US: Airbnb has hired former FBI (Federal Bureau of Investigations) deputy director Sean Joyce as the company’s first-ever chief trust officer.
It is hoped that the incoming cyber security and privacy expert will be the figurehead to signal the start of a push for greater brand confidence. Airbnb said it made the decision to make it “one of the most trusted communities in the world”.
COO Belinda Johnson said: “Airbnb’s hosts and guests are not a product—they are our community and we have a responsibility to protect their trust.
“Sean has unmatched experience spearheading game-changing trust and privacy initiatives and protecting people’s safety and security. Our vision is for Airbnb to be the most trusted platform in the world, and I am thrilled that he is joining us to lead our work towards that goal.”
Joyce joins Airbnb from his previous role at PricewaterhouseCoopers (PWC), where he was a principal in PwC’s advisory practice and a part of its global cybersecurity and privacy leadership team.
Prior to entering the private sector, Joyce served for 26 years at the FBI as a deputy director, the highest-ranking employee in the organisation, and led the International Operations Division.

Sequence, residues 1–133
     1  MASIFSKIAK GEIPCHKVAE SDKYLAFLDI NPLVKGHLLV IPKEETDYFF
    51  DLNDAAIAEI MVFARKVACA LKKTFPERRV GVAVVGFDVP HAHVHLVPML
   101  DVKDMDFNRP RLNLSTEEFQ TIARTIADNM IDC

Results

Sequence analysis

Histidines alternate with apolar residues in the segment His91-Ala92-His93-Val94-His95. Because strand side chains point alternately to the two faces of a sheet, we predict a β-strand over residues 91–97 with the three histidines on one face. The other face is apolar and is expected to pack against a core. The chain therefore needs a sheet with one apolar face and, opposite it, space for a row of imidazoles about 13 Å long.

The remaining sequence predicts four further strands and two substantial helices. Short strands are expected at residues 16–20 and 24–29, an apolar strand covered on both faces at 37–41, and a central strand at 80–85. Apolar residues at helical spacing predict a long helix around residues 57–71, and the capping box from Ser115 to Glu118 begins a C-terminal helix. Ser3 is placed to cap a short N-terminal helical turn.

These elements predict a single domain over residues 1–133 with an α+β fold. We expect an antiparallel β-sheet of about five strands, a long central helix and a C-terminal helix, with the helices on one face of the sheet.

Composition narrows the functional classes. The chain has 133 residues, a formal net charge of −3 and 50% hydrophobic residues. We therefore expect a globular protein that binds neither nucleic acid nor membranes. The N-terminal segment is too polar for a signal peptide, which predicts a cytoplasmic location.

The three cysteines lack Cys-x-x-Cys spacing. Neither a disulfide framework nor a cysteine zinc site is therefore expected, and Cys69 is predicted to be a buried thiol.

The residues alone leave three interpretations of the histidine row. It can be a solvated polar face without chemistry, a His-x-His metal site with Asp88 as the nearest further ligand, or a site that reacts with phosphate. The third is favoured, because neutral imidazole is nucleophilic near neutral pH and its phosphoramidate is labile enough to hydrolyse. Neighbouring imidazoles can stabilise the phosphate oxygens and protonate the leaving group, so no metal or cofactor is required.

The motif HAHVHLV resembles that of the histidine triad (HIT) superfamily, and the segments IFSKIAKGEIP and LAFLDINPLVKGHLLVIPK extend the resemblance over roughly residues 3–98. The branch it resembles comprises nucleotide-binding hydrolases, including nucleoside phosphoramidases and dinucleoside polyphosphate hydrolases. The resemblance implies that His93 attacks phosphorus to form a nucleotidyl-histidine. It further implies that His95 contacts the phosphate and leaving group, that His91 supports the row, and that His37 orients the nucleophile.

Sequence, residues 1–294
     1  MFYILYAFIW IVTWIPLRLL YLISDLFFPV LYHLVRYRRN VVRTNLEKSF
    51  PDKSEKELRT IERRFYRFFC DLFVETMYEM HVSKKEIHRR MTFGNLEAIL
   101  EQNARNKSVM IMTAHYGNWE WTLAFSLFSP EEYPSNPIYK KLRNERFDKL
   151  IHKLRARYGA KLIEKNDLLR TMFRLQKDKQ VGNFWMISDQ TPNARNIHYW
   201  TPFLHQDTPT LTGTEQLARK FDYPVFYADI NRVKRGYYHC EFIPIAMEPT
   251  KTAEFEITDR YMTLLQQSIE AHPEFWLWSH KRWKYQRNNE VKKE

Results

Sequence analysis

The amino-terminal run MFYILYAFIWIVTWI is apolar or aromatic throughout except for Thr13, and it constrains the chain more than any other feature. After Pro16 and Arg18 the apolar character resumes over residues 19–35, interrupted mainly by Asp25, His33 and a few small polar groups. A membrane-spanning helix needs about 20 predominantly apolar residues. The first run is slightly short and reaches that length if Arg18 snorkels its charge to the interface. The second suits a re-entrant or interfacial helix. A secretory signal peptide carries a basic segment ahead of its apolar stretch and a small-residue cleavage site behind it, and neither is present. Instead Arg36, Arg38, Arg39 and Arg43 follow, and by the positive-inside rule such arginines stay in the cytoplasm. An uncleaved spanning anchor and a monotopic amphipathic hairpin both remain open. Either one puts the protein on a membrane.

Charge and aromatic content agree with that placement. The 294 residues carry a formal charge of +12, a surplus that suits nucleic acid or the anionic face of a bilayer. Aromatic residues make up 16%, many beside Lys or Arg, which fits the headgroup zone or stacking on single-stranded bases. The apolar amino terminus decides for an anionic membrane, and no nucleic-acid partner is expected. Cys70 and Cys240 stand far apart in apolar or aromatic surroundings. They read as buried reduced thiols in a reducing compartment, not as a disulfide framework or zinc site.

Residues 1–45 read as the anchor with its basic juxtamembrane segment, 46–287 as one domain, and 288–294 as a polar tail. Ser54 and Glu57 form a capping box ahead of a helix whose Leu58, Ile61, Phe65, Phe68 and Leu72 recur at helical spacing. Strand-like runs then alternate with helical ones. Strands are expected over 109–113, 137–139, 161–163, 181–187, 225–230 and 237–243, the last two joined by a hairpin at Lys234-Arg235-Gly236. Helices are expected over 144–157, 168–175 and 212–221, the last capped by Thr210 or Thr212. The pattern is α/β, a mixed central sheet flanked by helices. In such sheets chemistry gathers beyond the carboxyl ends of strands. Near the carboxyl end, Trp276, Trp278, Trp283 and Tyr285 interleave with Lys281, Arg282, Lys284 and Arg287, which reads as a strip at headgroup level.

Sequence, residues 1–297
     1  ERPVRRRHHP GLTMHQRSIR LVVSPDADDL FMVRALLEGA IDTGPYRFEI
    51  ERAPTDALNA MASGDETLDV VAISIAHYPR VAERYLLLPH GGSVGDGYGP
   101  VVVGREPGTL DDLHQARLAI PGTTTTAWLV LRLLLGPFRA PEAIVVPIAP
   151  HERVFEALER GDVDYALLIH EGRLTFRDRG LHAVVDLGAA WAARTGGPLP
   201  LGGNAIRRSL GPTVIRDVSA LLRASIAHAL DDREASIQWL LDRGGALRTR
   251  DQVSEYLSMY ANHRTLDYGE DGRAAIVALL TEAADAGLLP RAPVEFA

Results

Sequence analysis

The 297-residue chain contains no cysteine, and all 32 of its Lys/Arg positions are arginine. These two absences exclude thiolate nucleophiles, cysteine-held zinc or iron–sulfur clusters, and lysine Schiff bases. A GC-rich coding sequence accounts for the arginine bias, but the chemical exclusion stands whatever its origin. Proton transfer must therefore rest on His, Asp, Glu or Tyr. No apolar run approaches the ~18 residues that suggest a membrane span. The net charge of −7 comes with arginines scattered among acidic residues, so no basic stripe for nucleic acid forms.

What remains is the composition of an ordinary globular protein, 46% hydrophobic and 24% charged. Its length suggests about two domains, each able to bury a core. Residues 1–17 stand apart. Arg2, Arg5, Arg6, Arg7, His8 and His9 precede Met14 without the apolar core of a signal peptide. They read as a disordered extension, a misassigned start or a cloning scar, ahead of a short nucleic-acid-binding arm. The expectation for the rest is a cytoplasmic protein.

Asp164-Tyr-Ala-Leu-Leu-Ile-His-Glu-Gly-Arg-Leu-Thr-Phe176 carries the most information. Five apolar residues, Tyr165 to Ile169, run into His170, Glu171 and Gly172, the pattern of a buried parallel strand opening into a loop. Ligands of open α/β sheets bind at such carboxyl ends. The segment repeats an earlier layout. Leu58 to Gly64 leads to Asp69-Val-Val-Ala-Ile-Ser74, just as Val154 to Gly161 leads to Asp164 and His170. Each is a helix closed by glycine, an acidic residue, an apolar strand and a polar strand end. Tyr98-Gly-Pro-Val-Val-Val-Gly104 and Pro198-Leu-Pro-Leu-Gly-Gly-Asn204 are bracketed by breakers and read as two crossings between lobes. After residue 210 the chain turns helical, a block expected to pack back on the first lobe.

Joyce said: “Trust is a foundational element to every interaction in our lives. It is what Airbnb’s community is built on and what enables the sense of belonging between people from different communities and cultures.
“My goal is to help make Airbnb the most trusted online and offline community in the world, and I am incredibly excited to work with the team at Airbnb to achieve this.”
Joyce will relocate to San Francisco and commence his role on Friday, where he will report to Johnson and serve on Airbnb’s executive team.
The appointment is said to represent a new strategy for Airbnb in tackling the issue of consumer privacy more intensely. It also comes amid growing consumer concerns regarding the company’s security policies.
In a survey conducted by IPX1031 of people who had recently stayed in an Airbnb rental property, 58 per cent of respondents said they worried about hidden cameras in their vacation rental, while 11 per cent said they had actually found one.
Half of those surveyed added they also worried about their host having access to their accommodations, while 42 per cent researched their host online prior to their stay.
It was recently revealed that a family discovered that they were being watched on a secret camera in their Airbnb rental when they were on holiday in Ireland.